For Jane, the meeting does two things. It reawakens a sinister spirit from her youth that she merely refers to as “Sir” and that Kate Fox calls “Splitfoot” during the séance. It also produces the physical appearance in the White House of a young spirit that she believes to be Bennie reborn. It begins its new existence as an infant that even suckles from Jane and then, in a matter of days, has grown to an adolescent boy. This spirit will occupy the room that Jane has made up for their dead son, which she and Franklin call the Grief Room. Believe me, there will be things far darker than grief happening within the walls of this eerie room.

Many sleepless nights will impact both the president and first lady with various sounds coming from the Grief Room and surrounding hallways. Franklin invites his lifelong friend, Nathaniel Hawthorne, who is now a world-famous author following the releases of THE SCARLET LETTER and THE HOUSE OF THE SEVEN GABLES. Hawthorne’s only evening in the White House will be quite restless; he allegedly gets up in the middle of the night and ends up exploring the source of his unrest. The next morning at breakfast, he announces that he will be leaving immediately. He never gives a full explanation to Franklin and just indicates that as long as Franklin remains president, he will never visit him in the White House again. Whatever he saw that night, Hawthorne will take it to his grave.

Jane is not the only one troubled by supernatural hauntings. Franklin has a strange visitation from his late father in which he tries to warn his son about the evil in the new residence and what might happen if things do not change. Jane remains tormented by the entity calling itself Bennie, a spirit she sees as the mind’s sculpture of darkness. She makes a decision to write to Kate and ask if she would return to the White House in an attempt to cleanse the place of the darkness that has overtaken it. This follows one of the most terrifying moments in the book (and there are plenty of them) when a meeting between the president and his staff is interrupted by the young entity, which completely unsettles everyone in the room. Kate will return, and the results play out like a cross between THE EXORCIST and POLTERGEIST.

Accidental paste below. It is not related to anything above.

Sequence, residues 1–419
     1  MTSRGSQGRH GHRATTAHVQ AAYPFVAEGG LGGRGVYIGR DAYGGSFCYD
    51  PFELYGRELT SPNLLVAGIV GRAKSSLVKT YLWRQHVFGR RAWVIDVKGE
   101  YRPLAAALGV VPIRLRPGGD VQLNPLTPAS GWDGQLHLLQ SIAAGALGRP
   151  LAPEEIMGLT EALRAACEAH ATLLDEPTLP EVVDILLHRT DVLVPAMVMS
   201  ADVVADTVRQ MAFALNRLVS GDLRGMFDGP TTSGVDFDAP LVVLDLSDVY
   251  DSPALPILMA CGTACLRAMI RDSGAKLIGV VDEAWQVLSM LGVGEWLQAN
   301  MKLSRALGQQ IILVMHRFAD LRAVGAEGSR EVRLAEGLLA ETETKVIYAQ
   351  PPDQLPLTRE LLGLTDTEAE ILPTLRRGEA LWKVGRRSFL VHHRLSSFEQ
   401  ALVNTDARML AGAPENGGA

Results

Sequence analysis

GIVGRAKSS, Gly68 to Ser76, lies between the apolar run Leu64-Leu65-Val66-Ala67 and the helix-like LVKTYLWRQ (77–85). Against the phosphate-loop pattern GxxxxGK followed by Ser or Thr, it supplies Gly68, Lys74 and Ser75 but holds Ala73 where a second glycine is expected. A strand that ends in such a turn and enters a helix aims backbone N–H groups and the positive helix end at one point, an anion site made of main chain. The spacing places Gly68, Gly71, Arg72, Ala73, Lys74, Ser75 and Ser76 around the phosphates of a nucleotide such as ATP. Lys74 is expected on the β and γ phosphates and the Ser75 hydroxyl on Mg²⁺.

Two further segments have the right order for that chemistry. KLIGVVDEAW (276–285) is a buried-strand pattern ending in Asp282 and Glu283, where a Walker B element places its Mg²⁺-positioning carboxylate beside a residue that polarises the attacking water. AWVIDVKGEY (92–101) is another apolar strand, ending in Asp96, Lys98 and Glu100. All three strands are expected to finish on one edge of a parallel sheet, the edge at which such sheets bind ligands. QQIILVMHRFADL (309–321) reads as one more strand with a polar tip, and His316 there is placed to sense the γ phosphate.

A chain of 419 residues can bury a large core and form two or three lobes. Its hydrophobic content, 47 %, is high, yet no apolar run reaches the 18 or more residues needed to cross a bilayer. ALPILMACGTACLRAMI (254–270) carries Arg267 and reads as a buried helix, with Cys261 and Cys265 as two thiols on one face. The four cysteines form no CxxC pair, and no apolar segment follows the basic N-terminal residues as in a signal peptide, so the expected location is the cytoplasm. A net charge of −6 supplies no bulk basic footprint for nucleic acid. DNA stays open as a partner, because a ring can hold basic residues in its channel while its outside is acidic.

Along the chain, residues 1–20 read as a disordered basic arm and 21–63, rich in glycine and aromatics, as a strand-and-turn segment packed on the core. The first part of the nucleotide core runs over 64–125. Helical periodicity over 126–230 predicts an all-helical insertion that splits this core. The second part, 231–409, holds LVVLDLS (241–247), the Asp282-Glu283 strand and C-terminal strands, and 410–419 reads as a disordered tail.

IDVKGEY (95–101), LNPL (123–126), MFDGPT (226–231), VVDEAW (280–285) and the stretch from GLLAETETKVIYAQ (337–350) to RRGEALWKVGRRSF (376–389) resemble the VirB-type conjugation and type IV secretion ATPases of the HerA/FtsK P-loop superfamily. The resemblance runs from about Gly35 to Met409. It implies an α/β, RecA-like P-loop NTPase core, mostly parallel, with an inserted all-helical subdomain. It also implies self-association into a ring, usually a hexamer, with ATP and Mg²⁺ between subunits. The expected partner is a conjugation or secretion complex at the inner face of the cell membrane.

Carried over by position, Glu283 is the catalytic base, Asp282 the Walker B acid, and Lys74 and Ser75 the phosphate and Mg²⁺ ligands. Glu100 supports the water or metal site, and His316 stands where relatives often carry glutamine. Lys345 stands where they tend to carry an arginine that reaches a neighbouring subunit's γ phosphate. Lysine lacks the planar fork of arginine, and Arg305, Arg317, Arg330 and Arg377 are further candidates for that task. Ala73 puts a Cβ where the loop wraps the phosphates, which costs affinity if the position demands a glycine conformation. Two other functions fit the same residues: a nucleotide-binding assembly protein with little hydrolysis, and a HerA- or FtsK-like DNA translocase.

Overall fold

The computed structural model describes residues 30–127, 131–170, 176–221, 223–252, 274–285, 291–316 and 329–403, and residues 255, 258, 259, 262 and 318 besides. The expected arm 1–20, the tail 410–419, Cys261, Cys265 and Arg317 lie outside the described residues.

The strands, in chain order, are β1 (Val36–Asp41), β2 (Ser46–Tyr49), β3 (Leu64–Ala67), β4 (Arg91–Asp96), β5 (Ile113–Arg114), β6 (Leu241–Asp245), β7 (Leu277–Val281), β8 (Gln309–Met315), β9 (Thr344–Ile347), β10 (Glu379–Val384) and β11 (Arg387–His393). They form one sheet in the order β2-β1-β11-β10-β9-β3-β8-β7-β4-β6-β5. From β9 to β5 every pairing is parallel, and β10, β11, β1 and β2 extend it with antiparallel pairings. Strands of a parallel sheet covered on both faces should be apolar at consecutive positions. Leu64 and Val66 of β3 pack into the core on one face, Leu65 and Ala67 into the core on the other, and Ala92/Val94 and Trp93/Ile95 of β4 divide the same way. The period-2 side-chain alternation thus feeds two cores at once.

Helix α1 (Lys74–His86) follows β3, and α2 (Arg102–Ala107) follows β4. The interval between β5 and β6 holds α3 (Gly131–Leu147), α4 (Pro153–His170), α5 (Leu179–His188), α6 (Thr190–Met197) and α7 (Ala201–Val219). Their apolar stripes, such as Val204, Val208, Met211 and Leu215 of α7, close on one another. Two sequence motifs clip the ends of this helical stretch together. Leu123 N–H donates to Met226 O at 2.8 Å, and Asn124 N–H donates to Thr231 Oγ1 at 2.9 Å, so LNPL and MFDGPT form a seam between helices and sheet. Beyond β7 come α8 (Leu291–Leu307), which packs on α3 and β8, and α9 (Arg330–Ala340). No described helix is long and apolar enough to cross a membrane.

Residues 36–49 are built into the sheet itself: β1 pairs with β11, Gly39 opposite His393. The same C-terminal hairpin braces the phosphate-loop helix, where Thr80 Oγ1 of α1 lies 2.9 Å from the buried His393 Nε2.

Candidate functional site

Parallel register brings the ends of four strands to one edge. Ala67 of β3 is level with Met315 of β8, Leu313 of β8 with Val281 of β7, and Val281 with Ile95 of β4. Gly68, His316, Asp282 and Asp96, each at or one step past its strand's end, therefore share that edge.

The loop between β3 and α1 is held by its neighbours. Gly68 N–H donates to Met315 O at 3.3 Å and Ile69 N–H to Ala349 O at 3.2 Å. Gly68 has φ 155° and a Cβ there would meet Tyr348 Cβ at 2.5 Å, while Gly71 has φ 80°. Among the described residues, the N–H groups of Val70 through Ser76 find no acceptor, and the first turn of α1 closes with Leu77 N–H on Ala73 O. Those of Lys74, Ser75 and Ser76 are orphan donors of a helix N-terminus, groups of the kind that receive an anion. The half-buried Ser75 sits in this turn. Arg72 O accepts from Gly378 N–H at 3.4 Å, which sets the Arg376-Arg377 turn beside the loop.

I expected THE RESIDENCE to be a slow-burn of a ghost story with some supernatural elements making their presence known during Pierce’s presidency. I was not prepared for the nonstop terror that Andrew Pyper has penned, making for one of the most haunting and disturbing reads that I have experienced in quite some time. What really has stuck with me is the author’s note, which points out some key elements of Pierce’s time at the White House that are unexplained, in addition to a long and storied history of future presidents and the personal experiences they had with the unknown presences that may still exist within its corridors.

Reviewed by Ray Palen on September 18, 2020

The Residence
by Andrew Pyper

  • Publication Date: September 1, 2020
  • Genres: Fiction, Historical Fiction, Horror
  • Hardcover: 352 pages
  • Publisher: Skybound Books
  • ISBN-10: 1982149051
  • ISBN-13: 9781982149055